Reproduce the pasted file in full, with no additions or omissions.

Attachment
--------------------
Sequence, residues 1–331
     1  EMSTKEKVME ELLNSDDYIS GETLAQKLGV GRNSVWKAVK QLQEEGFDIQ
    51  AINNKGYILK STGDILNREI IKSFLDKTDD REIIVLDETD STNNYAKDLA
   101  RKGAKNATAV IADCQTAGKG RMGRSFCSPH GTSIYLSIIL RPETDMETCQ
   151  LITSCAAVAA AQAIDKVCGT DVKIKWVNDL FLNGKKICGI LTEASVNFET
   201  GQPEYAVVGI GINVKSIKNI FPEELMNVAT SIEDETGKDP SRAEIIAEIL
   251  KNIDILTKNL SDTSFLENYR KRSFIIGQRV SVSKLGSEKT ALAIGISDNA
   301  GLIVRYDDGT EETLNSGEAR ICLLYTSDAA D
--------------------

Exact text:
Sequence, residues 1–331
     1  EMSTKEKVME ELLNSDDYIS GETLAQKLGV GRNSVWKAVK QLQEEGFDIQ
    51  AINNKGYILK STGDILNREI IKSFLDKTDD REIIVLDETD STNNYAKDLA
   101  RKGAKNATAV IADCQTAGKG RMGRSFCSPH GTSIYLSIIL RPETDMETCQ
   151  LITSCAAVAA AQAIDKVCGT DVKIKWVNDL FLNGKKICGI LTEASVNFET
   201  GQPEYAVVGI GINVKSIKNI FPEELMNVAT SIEDETGKDP SRAEIIAEIL
   251  KNIDILTKNL SDTSFLENYR KRSFIIGQRV SVSKLGSEKT ALAIGISDNA
   301  GLIVRYDDGT EETLNSGEAR ICLLYTSDAA D